posted by mareli at 7:51 AM on January 9, 2015 [98 favorites]


This same day care was profiled a few months ago on NPR's Here and Now, and I started yelling at the radio. The interviewer was just so incredulous that any family would need care for their children beyond the hours of 8 am - 5 pm. It was real upper middle class myopia.

It's not so terrible or unusual that kids may need care at night. The bigger problem is those ever changing shift schedules, where workers really can't plan out the rest of their lives.
posted by stowaway at 8:04 AM on January 9, 2015 [6 favorites]


Here's the link to the Here and Now story:
http://hereandnow.wbur.org/2014/11/18/extreme-day-care
posted by stowaway at 8:09 AM on January 9, 2015 [3 favorites]


Another factor of this sort of scheduling is that the kids are never going to be able to do a traditional preschool, and kids who go to preschool/kids who don't is yet another rising sign of income inequality.
posted by selfnoise at 8:17 AM on January 9, 2015 [11 favorites]


This is not a new idea. During World War II, the Kaiser Company built shipyard child care centers for working mothers, which provided not only 24 hour childcare, for shift workers, but also had take-away meals available for mothers to take home and heat up for the family after the shift was done.

"The government-subsidized Kaiser West Coast Shipyards nursery schools, which enrolled more than 7,000 offspring of women war workers, offered the perfect opportunity to test theories of the then-fledgling field of child development."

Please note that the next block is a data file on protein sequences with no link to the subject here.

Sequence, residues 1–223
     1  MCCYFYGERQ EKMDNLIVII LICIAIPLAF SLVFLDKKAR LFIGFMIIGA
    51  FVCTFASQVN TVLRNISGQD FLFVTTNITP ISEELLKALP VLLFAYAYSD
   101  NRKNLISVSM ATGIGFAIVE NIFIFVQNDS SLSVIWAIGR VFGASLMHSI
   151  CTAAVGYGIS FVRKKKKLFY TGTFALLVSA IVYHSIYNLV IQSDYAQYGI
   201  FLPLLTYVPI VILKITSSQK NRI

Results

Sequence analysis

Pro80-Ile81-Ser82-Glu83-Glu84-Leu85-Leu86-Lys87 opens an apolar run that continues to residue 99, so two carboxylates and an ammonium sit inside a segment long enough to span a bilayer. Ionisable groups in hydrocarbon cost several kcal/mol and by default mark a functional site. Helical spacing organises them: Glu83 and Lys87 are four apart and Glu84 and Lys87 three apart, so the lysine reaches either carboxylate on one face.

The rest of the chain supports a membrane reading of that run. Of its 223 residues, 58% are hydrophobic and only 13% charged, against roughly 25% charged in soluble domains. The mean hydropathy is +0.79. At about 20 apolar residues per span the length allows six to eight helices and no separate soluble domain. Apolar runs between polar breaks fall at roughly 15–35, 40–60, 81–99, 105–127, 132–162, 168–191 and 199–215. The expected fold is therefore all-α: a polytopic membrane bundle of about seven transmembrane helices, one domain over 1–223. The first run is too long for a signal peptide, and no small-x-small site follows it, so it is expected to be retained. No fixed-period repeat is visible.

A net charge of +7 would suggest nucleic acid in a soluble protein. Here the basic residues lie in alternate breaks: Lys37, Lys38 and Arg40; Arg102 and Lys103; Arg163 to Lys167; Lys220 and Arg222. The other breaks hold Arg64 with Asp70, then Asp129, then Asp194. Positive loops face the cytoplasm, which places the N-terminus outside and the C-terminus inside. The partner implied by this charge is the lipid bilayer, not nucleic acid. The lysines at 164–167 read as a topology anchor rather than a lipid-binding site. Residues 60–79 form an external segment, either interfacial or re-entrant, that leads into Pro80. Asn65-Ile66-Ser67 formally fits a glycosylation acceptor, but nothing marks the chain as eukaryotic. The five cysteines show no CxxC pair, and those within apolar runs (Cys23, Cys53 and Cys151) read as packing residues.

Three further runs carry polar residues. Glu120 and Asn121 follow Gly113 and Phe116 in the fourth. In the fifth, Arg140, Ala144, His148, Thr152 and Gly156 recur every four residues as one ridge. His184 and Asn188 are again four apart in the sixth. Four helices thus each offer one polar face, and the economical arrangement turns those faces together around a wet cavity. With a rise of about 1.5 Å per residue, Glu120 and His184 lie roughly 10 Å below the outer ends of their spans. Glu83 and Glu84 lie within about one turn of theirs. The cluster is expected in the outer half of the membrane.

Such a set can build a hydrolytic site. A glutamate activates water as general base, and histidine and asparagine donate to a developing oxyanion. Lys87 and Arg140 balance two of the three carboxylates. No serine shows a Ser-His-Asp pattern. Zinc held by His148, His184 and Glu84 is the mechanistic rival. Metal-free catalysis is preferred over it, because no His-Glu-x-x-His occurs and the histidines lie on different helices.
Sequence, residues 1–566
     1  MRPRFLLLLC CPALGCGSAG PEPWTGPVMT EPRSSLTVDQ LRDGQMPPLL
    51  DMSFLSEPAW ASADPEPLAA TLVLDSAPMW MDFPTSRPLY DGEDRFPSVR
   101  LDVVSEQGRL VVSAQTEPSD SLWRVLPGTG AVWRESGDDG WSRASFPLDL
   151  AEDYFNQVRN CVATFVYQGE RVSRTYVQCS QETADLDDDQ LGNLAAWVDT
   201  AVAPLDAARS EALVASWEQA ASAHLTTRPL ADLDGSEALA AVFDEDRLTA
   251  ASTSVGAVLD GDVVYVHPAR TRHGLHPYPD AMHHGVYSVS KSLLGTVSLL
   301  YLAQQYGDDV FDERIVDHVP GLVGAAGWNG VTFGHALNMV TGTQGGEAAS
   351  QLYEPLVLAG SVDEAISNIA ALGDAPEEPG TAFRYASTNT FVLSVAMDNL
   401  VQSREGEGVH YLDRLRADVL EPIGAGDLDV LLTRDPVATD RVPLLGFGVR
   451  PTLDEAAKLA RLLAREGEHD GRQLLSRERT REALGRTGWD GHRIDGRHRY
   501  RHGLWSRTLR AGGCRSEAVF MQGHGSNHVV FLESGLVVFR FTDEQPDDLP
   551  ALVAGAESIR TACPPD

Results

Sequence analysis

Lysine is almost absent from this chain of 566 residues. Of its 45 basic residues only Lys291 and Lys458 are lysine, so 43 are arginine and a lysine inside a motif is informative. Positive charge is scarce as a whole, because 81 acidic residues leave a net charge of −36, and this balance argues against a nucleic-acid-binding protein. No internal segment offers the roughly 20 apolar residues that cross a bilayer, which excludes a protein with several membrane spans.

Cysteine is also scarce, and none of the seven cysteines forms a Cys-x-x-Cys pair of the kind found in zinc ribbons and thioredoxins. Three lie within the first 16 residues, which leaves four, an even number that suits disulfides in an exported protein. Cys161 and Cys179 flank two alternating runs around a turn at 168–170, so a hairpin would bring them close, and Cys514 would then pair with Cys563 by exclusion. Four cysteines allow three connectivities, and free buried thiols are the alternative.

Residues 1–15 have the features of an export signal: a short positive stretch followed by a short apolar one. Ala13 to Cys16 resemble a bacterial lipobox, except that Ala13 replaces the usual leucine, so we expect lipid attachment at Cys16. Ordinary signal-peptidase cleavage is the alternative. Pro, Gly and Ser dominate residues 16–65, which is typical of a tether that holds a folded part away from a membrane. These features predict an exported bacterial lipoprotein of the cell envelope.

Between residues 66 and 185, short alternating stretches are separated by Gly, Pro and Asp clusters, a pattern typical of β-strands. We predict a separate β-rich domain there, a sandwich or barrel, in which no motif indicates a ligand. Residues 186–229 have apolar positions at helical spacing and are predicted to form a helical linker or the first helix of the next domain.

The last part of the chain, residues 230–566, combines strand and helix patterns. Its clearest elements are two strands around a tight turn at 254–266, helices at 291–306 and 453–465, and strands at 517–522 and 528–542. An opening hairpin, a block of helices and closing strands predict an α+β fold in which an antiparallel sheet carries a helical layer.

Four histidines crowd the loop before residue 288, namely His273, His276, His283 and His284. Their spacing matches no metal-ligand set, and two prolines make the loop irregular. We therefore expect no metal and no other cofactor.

posted by anastasiav at 8:19 AM on January 9, 2015 [11 favorites]


It is absolutely possible, with the scheduling software, to use the computer to generate schedules based on who is available when. All it takes is the will to do it, on the part of management. You have to do the work to tell the software when each person is available, and you have to hire enough people. But given enough employees and their availability specifics, it can crank out a schedule that doesn't trespass on the employee's day care arrangements or college classes, even while it picks the cheapest available person for every shift.

Once in a while there might be a shift when no one is available, and the manager has to strong arm someone. But if this is happening to your organization regularly, you are doing it wrong. Offer a little more money for that hard-to-fill shift! Focus your hiring on getting people who will work that shift! This is how the free market is supposed to work. It doesn't have to grind anyone down if management would just try.

I used to schedule low wage employees, back in the days before computers. With the software we have now, that job could be done so much better, for the employees as well as the company. It's not the software causing the problem, it's tinpot dictators in management choosing to schedule people badly just to throw their weight around, or just not caring enough to even try to make decent schedules.
posted by elizilla at 8:28 AM on January 9, 2015 [28 favorites]


All it takes is the will to do it, on the part of management.

Don't hold your breath.
posted by rtha at 8:37 AM on January 9, 2015 [9 favorites]


It's almost like the rich and powerful want the poor to stay poor by keep their lives unpredictable and unstable. Over the past few years, I've seen an increasing number of community college students drop out because they have no idea when and if they are going to have to work every day, so they can't make it to class regularly. They want to improve their lives, but it's become impossible to do so because it saves shareholders some money.